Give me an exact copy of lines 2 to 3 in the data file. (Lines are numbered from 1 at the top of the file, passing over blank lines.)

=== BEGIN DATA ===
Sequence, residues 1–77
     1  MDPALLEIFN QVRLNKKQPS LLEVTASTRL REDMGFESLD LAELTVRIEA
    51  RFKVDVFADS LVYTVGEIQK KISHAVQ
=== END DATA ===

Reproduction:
     1  MDPALLEIFN QVRLNKKQPS LLEVTASTRL REDMGFESLD LAELTVRIEA
    51  RFKVDVFADS LVYTVGEIQK KISHAVQ